Not all cinnamon is equal. The variety (Cassia Cinnamon) that you commonly find in the spice section of the supermarket is high in coumarin, a chemical that enhances flavor.1,2
This might be good if you’re baking a batch of Grandma’s crazy good cinnamon buns while you wait out a Canadian blizzard (ask us how we know). But coumarin has a big downside: it can cause liver damage. 3 Importantly, it doesn’t take much of Cassia Cinnamon to exceed the upper limits of safe intake of coumarin. Ingesting just one to two teaspoons of Cassia Cinnamon could be toxic for some people.4
By contrast, Ceylon Cinnamon has 250 times less coumarin than the Cassia variety 2, making it a better choice as a nutritional supplement. You get the concentrated health benefits of this super spice without taking in potentially dangerous levels of coumarin.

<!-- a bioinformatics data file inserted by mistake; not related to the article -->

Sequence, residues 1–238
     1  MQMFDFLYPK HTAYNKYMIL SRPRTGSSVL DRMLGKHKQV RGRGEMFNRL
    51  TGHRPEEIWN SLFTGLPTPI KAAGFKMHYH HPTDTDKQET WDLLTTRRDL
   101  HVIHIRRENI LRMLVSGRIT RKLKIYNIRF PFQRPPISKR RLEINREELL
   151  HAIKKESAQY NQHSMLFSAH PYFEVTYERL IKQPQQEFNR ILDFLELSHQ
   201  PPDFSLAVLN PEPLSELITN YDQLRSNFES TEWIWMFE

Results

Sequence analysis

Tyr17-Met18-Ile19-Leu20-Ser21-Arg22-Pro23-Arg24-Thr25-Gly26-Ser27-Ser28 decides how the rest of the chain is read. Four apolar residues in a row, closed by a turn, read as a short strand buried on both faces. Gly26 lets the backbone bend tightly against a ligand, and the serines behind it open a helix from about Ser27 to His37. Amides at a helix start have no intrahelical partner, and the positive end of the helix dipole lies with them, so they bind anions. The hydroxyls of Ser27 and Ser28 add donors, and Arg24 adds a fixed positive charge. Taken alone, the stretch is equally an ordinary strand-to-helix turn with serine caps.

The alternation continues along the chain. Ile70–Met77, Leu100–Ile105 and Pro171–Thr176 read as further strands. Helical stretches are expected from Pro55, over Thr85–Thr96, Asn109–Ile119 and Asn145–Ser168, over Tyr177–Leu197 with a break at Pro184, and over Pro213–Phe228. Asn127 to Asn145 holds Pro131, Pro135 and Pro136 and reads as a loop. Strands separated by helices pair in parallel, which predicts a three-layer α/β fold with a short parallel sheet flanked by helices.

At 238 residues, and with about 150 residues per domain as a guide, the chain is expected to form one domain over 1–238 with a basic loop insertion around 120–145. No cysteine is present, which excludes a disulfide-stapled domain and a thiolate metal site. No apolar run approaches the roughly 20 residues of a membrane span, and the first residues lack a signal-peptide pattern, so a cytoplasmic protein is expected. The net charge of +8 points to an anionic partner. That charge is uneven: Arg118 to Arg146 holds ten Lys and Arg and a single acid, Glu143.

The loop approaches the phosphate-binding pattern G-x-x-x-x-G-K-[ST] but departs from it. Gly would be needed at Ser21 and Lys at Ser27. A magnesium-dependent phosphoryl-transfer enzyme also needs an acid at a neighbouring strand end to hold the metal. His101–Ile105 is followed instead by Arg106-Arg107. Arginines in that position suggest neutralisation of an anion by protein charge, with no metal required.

Cinnamon has been used medicinally since Ancient Egypt. Recent studies 5 suggest that it can offer an impressive range of health benefits. It appears to help control blood sugar, 6 support digestion, 7 lower cholesterol 8 and improve immune function.9 When taken with carbohydrates, cinnamon has been shown to slow the rate that glucose enters into the bloodstream.10